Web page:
VLOOKUP is one of the most popular Excel functions. It can do amazing things and help save time. But, there are some really cool hacks that make it even better. This is the first post in a series of VLOOKUP Hacks.

Hope you enjoy 🙂

## Issue

VLOOKUP Hack #1 helps address the sort issue. Sort issue? Yes, and the sort issue has confuzzled many an Excel user over the years.

I’ve included a short **video demonstration** as well as a **detailed narrative** below for reference.

## Video Demonstration

## Detailed Narrative

Let’s say we wanted to use VLOOKUP to retrieve an account name based on the account number from a chart of accounts, as shown below.

Assuming the lookup value is **B7**, the lookup range is **Table1**, and the account name is in the second column, we could use something like this in **C7**:

=VLOOKUP(B7,Table1,2)

When the table is sorted in ascending order by the lookup column, the AcctNum column, you get the expected result. For example, if the AcctNum is **1002**, the VLOOKUP function above returns the expected account name, **Savings**, as shown in **C7** below.

But, if the table get sorted by AcctName instead, we get an unexpected result, as shown below.

Wait, what? **1002** is not **Checking account**, yet, that is what VLOOKUP returns … is it broken? Is the formula wrong? What’s up? Do I have to sort by the lookup column? What is going on here?

These questions all bring us to our first hack.

## Hack

So, the VLOOKUP formula above is written like this:

=VLOOKUP(B7,Table1,2)

You will notice that 3 arguments are defined, **B7**, **Table1**, and **2**.

**But, here is the hack: there is an optional 4th argument! **

When the 4th argument is omitted, as in the formula above, it takes on a default value. So, we need to unpack this mysterious 4th argument to understand what is happening.

The 4th argument controls the behavior of VLOOKUP in a couple of key ways, including, as you may suspect, the sorting requirement. Officially, the 4th argument is called the range_lookup argument. Practically, it tells Excel whether you are looking for an exact matching value, or, a value between a range of values. It is a Boolean argument, so it expects a TRUE or FALSE value. (Alternatively, you can use 0 instead of FALSE and any non-zero number instead of TRUE.) TRUE means you are looking for a value between a range of values, and FALSE means you are looking for an exact matching value. I’ll expand this idea more in the next post, but for now, I want to stay focused on the sort issue.

When the 4th argument is TRUE, the data must be sorted in ascending order to return an accurate result. However, when the 4th argument is FALSE, the data need not be sorted…any order is fine.

So, when the 4th argument is TRUE, you may get an unexpected result if the data is not sorted in ascending order by the first column in the range. And, that is exactly what we saw above. We got an unexpected result. Instead of **1002** returning **Savings**, it returned **Checking account**. But, if we inspect the formula, we can see that we did not specify TRUE or FALSE for the 4th argument. We simply omitted it.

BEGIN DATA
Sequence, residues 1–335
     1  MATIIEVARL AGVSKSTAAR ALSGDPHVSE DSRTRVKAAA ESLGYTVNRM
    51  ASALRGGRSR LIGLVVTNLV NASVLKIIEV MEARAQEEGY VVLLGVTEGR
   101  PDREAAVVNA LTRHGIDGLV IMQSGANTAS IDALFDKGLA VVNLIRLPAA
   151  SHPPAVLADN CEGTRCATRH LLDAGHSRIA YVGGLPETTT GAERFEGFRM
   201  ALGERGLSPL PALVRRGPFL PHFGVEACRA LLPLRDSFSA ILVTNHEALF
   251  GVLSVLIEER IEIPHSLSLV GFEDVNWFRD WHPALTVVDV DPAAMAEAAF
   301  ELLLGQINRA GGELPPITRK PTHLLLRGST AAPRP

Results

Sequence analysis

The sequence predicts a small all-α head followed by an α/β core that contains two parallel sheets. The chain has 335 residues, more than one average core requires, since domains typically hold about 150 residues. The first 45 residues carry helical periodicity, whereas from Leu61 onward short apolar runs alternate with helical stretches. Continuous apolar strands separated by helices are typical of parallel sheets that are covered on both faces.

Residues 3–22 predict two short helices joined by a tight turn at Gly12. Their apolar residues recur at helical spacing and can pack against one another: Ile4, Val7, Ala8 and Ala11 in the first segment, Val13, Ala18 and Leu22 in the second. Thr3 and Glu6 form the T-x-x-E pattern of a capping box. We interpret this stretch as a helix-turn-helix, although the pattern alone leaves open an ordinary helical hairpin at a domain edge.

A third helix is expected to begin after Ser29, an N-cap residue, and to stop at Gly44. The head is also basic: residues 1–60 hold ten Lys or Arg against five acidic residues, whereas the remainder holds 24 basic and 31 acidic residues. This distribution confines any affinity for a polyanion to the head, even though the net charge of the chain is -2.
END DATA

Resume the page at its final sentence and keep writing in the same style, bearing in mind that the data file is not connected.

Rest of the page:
**Here is the key: when omitted, the 4th argument is TRUE.**

That means that when we write a VLOOKUP, and don’t specify the 4th argument, it defaults to TRUE. That means, sort order matters! When the data is not sorted in ascending order by the first column, you may get unexpected results.

So, we can resolve the issue by using FALSE (or 0) as the 4th argument, as shown below.

=VLOOKUP(B7,Table1,2,FALSE)

With that update to our formula, it returns **Savings**, as expected:

**So, remember this:** when the 4th argument is TRUE or omitted, the lookup range must be sorted in ascending order by the first (lookup) column to return an accurate result. But, when the 4th argument is FALSE (or 0), the data does not need to be sorted.

In the next post, we’ll examine the 4th argument in more detail. It allows us to perform some really fun lookups!

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Thanks for putting a spotlight on this issue! In the past I’ve sorted the table, but ran into the issue when I added some rows & didn’t re-sort. Now I know how to fix the formula, that’s awesome.

Welcome 🙂

Thanks Jeff, I didn’t know that and it’s always great to learn new things.

Welcome … I learn new things about Excel all the time 🙂

Jeff, thanks very much. This repeats something I’ve found in VLookups.

Using “False” in that 4th step seems to yield a cleaner search and/or

sort result. It’s helpful to confirm that because it keeps the search simple

and basic. Mark Ferguson

Excel 2007 (despite no online help from Microsoft, which is why I’m here) still works well enough for me… or does it…

When I add a 4th argument to LOOKUP as shown

=LOOKUP(MID(G25,7,9),F:F,J:J,FALSE)

I get error: “You have entered too many arguments for this function”

so I assume this 2017 article only applies to Excel 2010 and beyond.

Too bad. Great hack in some versions, I guess….

It is the VLOOKUP function (not LOOKUP) that is presented in the article, so perhaps adjusting your formula to use VLOOKUP instead may work. Hope it helps…thanks!

Thanks

Jeff